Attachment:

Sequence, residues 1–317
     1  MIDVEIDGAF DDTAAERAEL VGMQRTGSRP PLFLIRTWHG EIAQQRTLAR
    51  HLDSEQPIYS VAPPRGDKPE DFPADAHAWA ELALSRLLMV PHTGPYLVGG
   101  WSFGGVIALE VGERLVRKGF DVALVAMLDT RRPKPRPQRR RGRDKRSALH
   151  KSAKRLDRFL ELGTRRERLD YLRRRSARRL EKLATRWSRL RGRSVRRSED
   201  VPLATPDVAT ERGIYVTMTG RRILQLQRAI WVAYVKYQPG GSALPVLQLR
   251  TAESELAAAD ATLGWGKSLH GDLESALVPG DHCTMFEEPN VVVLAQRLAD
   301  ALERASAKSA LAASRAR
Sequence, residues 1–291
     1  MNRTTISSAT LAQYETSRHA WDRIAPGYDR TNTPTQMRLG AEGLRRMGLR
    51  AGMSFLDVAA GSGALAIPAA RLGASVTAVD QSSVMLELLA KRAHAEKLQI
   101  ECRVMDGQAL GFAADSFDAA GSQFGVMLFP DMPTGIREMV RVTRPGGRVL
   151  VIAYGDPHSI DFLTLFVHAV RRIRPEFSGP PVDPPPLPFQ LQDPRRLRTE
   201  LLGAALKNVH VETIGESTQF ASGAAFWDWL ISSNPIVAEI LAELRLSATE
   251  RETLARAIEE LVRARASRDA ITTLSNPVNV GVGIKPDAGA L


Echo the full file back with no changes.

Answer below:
Sequence, residues 1–317
     1  MIDVEIDGAF DDTAAERAEL VGMQRTGSRP PLFLIRTWHG EIAQQRTLAR
    51  HLDSEQPIYS VAPPRGDKPE DFPADAHAWA ELALSRLLMV PHTGPYLVGG
   101  WSFGGVIALE VGERLVRKGF DVALVAMLDT RRPKPRPQRR RGRDKRSALH
   151  KSAKRLDRFL ELGTRRERLD YLRRRSARRL EKLATRWSRL RGRSVRRSED
   201  VPLATPDVAT ERGIYVTMTG RRILQLQRAI WVAYVKYQPG GSALPVLQLR
   251  TAESELAAAD ATLGWGKSLH GDLESALVPG DHCTMFEEPN VVVLAQRLAD
   301  ALERASAKSA LAASRAR
Sequence, residues 1–291
     1  MNRTTISSAT LAQYETSRHA WDRIAPGYDR TNTPTQMRLG AEGLRRMGLR
    51  AGMSFLDVAA GSGALAIPAA RLGASVTAVD QSSVMLELLA KRAHAEKLQI
   101  ECRVMDGQAL GFAADSFDAA GSQFGVMLFP DMPTGIREMV RVTRPGGRVL
   151  VIAYGDPHSI DFLTLFVHAV RRIRPEFSGP PVDPPPLPFQ LQDPRRLRTE
   201  LLGAALKNVH VETIGESTQF ASGAAFWDWL ISSNPIVAEI LAELRLSATE
   251  RETLARAIEE LVRARASRDA ITTLSNPVNV GVGIKPDAGA L